It is not as if Western journalists and news editors haven’t had the chance to learn on the job. The residents of Gaza have endured nearly two decades worth of economically devastating blockades, arbitrary restrictions on their movements and ferocious military assaults.
For over half a century, the West Bank has been occupied by Israel in defiance of international law. Within Israel, there have been further decades of ethnic discrimination encoded in laws that have drawn direct comparisons with the former apartheid regime in South Africa (see below).
Yet regardless, none of this seems capable of moving the needle on the accepted terms of media/diplomatic discourse regarding Palestine. If anything, the Labour-led government has pedalled away from New Zealand’s co-sponsorship in 2017 ( via then-Foreign Minister Murray McCully) of a UN resolution denouncing the growth of settlements in the occupied territories.
Footnote One: Nothing betrays the reliance on Israeli-generated framing language than the invocation of “militants” and “ Hamas” as rationales for further IDF/settler violence. In reality, Hamas is not simply an armed group, but a political party. It is also a social organisation that is among the few remnants of Palestinian civil society that Israel has not (yet) managed to entirely suppress. Being a Hamas “affiliate” therefore, tends to be a very elastic term :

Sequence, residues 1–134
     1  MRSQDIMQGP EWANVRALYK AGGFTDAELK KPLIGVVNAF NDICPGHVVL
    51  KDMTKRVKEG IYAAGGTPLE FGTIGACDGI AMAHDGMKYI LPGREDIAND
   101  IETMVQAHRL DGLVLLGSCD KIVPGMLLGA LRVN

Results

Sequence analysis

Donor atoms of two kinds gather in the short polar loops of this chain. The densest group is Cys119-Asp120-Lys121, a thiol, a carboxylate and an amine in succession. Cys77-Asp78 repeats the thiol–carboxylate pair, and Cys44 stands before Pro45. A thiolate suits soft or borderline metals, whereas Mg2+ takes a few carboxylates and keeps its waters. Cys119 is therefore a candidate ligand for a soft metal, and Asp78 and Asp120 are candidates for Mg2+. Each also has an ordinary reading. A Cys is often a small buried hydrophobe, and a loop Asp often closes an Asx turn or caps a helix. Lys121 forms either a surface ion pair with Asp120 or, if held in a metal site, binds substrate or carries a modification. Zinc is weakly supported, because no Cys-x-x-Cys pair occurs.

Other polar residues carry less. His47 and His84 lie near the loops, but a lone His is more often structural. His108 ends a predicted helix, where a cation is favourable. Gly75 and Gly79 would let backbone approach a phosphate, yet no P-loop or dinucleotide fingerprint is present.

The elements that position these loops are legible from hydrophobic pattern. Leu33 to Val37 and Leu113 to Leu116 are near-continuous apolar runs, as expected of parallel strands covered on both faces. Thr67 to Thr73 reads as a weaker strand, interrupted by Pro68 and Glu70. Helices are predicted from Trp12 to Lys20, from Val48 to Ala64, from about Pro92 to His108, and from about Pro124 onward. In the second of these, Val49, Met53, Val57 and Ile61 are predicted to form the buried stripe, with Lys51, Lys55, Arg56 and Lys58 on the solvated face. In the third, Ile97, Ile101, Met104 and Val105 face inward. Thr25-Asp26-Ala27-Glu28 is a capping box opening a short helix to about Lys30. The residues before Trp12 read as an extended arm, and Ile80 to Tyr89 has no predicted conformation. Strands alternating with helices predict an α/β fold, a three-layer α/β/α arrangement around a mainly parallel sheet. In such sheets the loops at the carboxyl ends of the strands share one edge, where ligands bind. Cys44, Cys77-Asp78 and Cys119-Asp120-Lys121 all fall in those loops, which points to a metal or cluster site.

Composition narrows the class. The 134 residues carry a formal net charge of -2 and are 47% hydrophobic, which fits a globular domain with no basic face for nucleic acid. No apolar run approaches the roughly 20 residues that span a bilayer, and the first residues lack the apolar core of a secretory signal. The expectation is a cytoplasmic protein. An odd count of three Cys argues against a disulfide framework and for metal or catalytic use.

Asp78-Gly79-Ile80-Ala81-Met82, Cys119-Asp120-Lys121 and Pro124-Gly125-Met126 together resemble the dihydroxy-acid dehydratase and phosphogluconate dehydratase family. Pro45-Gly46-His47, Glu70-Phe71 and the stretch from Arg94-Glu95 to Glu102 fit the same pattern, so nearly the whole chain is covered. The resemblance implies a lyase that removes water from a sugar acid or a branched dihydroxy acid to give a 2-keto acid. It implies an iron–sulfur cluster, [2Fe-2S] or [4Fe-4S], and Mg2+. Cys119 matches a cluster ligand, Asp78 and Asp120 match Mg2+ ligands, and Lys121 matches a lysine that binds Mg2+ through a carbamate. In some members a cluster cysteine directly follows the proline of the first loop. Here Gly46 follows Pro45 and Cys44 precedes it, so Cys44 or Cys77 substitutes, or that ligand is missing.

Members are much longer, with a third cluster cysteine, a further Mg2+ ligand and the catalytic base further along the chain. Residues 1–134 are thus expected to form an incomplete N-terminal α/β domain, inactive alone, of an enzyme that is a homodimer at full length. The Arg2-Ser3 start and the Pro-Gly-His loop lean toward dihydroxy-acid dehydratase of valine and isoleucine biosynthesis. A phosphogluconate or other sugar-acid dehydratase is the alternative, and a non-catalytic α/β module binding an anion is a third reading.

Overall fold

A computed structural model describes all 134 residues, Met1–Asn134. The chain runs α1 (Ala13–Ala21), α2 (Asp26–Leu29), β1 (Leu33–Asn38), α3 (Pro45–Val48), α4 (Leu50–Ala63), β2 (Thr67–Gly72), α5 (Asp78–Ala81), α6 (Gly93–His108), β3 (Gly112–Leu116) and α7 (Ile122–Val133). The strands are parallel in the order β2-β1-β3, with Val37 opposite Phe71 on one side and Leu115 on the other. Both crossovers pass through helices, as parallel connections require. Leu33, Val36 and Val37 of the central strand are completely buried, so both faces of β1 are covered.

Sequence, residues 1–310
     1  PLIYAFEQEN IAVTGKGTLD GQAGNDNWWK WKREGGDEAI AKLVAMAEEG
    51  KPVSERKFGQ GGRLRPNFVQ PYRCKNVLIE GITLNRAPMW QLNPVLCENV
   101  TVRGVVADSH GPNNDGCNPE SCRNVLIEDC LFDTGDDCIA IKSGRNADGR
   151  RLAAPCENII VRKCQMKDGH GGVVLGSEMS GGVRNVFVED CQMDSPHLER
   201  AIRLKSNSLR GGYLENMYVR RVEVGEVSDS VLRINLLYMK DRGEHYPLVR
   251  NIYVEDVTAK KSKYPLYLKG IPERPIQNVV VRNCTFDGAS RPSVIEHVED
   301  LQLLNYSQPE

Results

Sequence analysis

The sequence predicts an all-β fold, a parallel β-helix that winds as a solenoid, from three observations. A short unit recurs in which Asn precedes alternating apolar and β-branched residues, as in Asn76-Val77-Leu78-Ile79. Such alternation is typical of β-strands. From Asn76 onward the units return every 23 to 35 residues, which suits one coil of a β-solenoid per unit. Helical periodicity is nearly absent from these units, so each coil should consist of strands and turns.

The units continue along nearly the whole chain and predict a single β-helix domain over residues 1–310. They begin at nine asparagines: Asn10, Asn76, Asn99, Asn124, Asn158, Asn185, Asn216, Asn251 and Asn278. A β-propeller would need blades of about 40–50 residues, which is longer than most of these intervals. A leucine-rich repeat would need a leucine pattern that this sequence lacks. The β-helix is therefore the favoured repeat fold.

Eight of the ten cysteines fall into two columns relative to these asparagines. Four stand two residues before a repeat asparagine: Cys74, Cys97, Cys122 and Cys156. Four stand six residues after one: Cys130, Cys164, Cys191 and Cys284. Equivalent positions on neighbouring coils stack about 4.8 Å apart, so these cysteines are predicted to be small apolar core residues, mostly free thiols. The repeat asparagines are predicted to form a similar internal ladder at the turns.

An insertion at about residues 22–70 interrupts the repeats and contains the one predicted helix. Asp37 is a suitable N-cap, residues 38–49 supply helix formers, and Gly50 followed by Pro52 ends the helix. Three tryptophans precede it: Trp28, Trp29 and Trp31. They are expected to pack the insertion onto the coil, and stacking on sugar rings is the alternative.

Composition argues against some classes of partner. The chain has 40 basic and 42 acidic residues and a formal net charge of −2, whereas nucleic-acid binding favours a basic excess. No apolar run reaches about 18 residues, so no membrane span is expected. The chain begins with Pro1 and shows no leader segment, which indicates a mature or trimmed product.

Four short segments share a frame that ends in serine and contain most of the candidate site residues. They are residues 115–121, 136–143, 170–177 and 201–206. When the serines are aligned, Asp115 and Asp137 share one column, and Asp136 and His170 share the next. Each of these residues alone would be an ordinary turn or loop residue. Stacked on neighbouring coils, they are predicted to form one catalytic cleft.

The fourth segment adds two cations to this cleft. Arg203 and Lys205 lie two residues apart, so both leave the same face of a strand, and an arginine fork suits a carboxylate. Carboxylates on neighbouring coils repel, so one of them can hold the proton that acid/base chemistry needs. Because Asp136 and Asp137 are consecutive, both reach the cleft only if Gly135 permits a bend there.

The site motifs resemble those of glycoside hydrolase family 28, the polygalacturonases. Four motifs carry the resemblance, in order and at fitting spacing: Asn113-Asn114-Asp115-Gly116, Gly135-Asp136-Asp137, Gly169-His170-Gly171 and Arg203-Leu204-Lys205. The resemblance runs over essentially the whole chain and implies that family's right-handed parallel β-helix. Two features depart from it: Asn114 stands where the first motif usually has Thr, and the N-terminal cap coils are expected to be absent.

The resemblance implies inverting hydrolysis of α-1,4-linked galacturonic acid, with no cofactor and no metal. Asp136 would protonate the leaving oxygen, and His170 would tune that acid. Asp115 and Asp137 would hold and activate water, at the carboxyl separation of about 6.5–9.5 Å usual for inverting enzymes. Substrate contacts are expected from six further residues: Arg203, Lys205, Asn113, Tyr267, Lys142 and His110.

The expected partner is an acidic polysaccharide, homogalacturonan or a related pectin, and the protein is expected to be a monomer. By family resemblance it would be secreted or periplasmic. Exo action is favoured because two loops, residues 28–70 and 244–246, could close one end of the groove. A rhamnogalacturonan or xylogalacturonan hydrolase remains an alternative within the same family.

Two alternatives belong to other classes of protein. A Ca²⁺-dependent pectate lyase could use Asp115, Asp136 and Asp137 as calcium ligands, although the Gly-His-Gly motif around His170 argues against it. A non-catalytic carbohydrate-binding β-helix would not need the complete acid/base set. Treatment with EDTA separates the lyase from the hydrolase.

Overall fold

“. . . Almost everyone and everything in Gaza can be considered a Hamas affiliate. This unchallenged, loose definition has enabled Israel’s war architects to widen the definition of legitimate targets to include civilians and civilian infrastructure, including mosques, schools, hospitals, banks, electricity lines and residential homes, all of which have been targeted.”
This week in Jenin, the television footage of the flattening by tanks of Palestinian residences — for the safety of IDF soldiers from retaliation — was shown without comment, let alone a denunciation. This may sound like a cracked record, but when an occupying power deliberately destroys civilian residences as part of its military operations, that is a war crime.
Destroying the homes of a subject civilian population is not a morally or legally acceptable form of security precaution.
Footnote Two: Should our media be willing to use the “apartheid” term when reporting on Israel’s domestic laws that discriminate on ethnic grounds? Given our commitment to Te Tiriti O Waitangi principles, we should be sensitive on this issue.
Twenty years ago, former US President Jimmy Carter created waves with his book Palestine: Peace Not Apartheid In Carter’s view, Israel’s apartheid policies and laws are worse than those that used to prevail in South Africa.
In 2017, the “apartheid” term was used by former Israeli leader Ehud Barak (in an interview with the DW German news agency) as a warning against the “slippery slope” down which Israel’s discriminatory laws and practices are headed. In 2021, this report by the Israeli human rights organisation B’Tselem concluded that Israel’s official practices on the West Bank do meet the definition of apartheid.